Several religious communities from throughout Tucson’s northwest side recently congregated to spread and strengthen a message of love and unity during the Interfaith Celebration of Unity and Prayer. In its second year running, the event was hosted by Tucson North Stake of the Church of Jesus Christ of Latter-Day Saints. 

Joining the LDS community during the Thursday, March 8 gathering were the St. Odilia Catholic Community; Third Church of Christ, Scientist; Casa Adobes Congregational United Church of Christ; The Muslim Community Center of Tucson and Congregation Or Chadash.

This occasion was open to people of all faiths, and was a celebration at which leaders from each participating community delivered a speech that described the theme: “Together on the Journey in Mercy, Love and Peace.” The speeches and ending benediction focused on the power of coming together and loving fellow human beings. There were also videos presented, and songs that encapsulated the theme of love and unity among members of similar and different faiths. 

Father Miguel Mariano from the St. Odilia Catholic Community conceptualized the Interfaith Prayer and Unity Celebration last year because he felt there was a need for strengthening the spirit of peace in the community. He collaborated with the leaders of the other religious communities and this event was born. 

“People are hungry for peace, but we cannot speak about peace if we don’t have peace in our hearts,” Mariano said. “And so these kinds of events hopefully were able to advance the peace that we’re searching for in the community and mostly in our hearts.”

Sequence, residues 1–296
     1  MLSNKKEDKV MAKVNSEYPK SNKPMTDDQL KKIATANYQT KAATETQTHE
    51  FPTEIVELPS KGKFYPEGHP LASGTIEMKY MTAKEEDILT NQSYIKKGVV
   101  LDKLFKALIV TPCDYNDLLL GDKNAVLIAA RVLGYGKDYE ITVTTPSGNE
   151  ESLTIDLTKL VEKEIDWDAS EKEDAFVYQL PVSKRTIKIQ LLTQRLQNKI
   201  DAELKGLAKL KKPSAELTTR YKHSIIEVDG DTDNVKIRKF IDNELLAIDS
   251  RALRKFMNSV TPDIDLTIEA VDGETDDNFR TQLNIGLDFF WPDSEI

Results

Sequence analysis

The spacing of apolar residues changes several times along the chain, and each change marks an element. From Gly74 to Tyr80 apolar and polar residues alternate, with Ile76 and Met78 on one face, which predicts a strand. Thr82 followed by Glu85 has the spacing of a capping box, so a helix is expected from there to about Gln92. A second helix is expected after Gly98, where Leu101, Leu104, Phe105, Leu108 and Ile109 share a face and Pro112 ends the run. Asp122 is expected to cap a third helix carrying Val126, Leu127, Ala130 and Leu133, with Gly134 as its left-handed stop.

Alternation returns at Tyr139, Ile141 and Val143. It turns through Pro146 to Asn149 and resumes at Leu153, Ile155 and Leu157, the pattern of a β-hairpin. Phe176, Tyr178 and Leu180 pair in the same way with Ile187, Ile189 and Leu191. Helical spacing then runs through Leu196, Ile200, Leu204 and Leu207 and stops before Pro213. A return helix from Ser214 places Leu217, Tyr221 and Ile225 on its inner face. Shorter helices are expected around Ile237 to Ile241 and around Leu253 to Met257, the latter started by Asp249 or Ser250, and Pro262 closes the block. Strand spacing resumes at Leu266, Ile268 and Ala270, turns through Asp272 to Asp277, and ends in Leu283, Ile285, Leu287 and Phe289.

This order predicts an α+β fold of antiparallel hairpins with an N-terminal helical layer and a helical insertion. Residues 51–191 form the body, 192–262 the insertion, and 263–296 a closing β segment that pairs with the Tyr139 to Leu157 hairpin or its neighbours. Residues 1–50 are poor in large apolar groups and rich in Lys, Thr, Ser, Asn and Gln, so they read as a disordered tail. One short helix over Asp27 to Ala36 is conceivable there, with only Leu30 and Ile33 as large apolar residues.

He said one thing he wants people to learn from the event (and the concept) is that they can coexist—regardless of faith denomination.

“We’re all human beings, and as such we’re all children of God,” he said.

Rabbi Thomas Louchheim from Congregation Or Chadash said that learning to live in harmony with people who believe differently is a valuable take away fromthe event.

“To be in this environment where we hopefully can inspire some different kind of thought of working, journeying together, is what’s most inspiring for me,” he said.  

Louchheim said he also hopes that with that mindset, people will be moved to connect and work toward “making the community more whole” through endeavors such as helping out children under the poverty level in Pima County without having to wait for local elected officials.

“There are things that we can do together as communities of faith to make our community, first of all, a better place,” he said. 

Loren Mayhew, a practitioner from the Third Church of Christ, Scientist, shared a need to act upon the love generated through the Interfaith Celebration. 

“I think that it’s wonderful, I’d like to see us do more than just prayer services, I’d like to see the different congregations working together on some projects that benefit that community, we just haven’t figured out what that might be yet,” Mayhew said. 

Selena Hopkins, a choir director from St. Odilia Catholic Community, said she hopes that people may one day see that although they may hold different beliefs, everyone can come together for a prayer service, and to unite under a common belief in God, “and work together for peace.”

Dee Dee Gradillas, one of the attendees of the event, said that she really liked that she was able to interact with people of different faiths while hearing a message of love and unity that she hoped to take with her as she exited the doors of the chapel. 

“The theme of the evening is universal, and I think that we take out the whole idea of journeying together, it’s important that we just need to share that with other people,” Gradillas said. 

Melissa Vasquez is a University of Arizona journalism student and Tucson Local Media intern.

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